September 2019
Volume 19, Issue 10
Open Access
Vision Sciences Society Annual Meeting Abstract  |   September 2019
Does everyone see the forest before the trees? An order-constrained analysis of precedence and interference effects in a hierarchical letters task.
Author Affiliations & Notes
  • Pieter Moors
    Department of Brain and Cognition, KU Leuven
  • Johan Wagemans
    Department of Brain and Cognition, KU Leuven
Journal of Vision September 2019, Vol.19, 267. doi:
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      Pieter Moors, Johan Wagemans; Does everyone see the forest before the trees? An order-constrained analysis of precedence and interference effects in a hierarchical letters task.. Journal of Vision 2019;19(10):267.

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      © ARVO (1962-2015); The Authors (2016-present)

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Inter-individual variability in global/local processing is often quantified through performance on the well-known hierarchical letters task (Navon, 1977). Here, a global letter stimulus is composed of local letters and participants perform a task (e.g., identification) on the global or local letter(s) in global and local attention conditions, respectively. Congruency between levels (e.g., same or different letter) is manipulated. Global precedence refers to faster average response times in the global versus local attention condition, whereas global/local interference refers to slower response times in local/global attention conditions for incongruent versus congruent stimuli. The size of these reaction time differences is used as a quantification of the ease with which individuals can identify the global letter (precedence) or are hampered by incongruency at the other level (interference). However, a quantification of the statistical evidence for or against individual differences in either measure rarely occurs. In this study, we applied order-constrained modelling (Haaf & Rouder, 2017) to three different data sets (N = 275, N = 116, and N = 40) from three different labs. This technique allows researchers to quantify the evidence for inter-individual differences in precedence and interference and, if present, whether these effects vary are in the same direction for everyone. In our two large-N data sets (with only 50–80 trials per condition), we observed that everyone shows precedence, with unconstrained variability (local and global precedence). Furthermore, everyone shows global and local interference, without inter-individual variability. This implies that precedence is not global for everyone and that interference does not vary between individuals, calling into question its usefulness as an individual difference characteristic. However, the data set with 40 observers and 320 trials per condition showed variability for global interference, and zero local interference. A proper quantification of variability in interference thus seems to require many more trials per observer than standard practice.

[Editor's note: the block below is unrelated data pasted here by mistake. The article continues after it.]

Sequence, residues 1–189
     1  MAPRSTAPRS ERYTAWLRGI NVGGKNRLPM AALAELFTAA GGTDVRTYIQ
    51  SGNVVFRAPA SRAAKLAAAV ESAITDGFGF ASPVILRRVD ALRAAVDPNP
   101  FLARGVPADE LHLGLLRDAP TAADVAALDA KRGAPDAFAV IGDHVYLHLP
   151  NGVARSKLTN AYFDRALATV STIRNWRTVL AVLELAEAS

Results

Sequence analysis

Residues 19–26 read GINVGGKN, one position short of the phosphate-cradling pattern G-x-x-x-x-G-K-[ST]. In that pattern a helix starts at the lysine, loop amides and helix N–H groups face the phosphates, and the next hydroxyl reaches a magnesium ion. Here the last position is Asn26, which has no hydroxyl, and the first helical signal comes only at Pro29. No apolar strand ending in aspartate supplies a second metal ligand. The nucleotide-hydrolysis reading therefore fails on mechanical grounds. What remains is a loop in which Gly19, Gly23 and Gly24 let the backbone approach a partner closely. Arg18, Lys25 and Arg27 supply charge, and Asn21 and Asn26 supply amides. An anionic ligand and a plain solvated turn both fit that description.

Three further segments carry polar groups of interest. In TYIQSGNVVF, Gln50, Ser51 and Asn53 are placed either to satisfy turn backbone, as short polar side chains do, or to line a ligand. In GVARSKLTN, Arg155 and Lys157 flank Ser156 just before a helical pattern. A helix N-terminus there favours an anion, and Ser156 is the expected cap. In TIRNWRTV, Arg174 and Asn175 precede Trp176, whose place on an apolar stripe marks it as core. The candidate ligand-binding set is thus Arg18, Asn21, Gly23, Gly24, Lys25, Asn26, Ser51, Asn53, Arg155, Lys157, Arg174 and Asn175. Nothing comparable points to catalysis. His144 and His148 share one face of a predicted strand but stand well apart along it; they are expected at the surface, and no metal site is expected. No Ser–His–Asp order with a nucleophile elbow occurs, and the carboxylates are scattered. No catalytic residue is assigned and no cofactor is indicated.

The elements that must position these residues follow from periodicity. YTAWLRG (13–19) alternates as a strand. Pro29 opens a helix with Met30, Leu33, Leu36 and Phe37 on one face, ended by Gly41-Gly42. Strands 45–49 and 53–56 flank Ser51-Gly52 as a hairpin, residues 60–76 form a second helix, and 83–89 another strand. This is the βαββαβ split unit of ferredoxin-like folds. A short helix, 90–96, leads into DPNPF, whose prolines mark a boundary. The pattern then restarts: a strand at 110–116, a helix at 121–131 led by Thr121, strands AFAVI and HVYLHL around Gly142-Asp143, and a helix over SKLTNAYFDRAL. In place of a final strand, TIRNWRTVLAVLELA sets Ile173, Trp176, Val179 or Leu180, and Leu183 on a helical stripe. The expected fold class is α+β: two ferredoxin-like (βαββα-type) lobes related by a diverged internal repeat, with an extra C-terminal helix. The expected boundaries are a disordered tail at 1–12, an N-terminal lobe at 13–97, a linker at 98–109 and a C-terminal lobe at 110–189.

Acknowledgement: Research Foundation Flanders 

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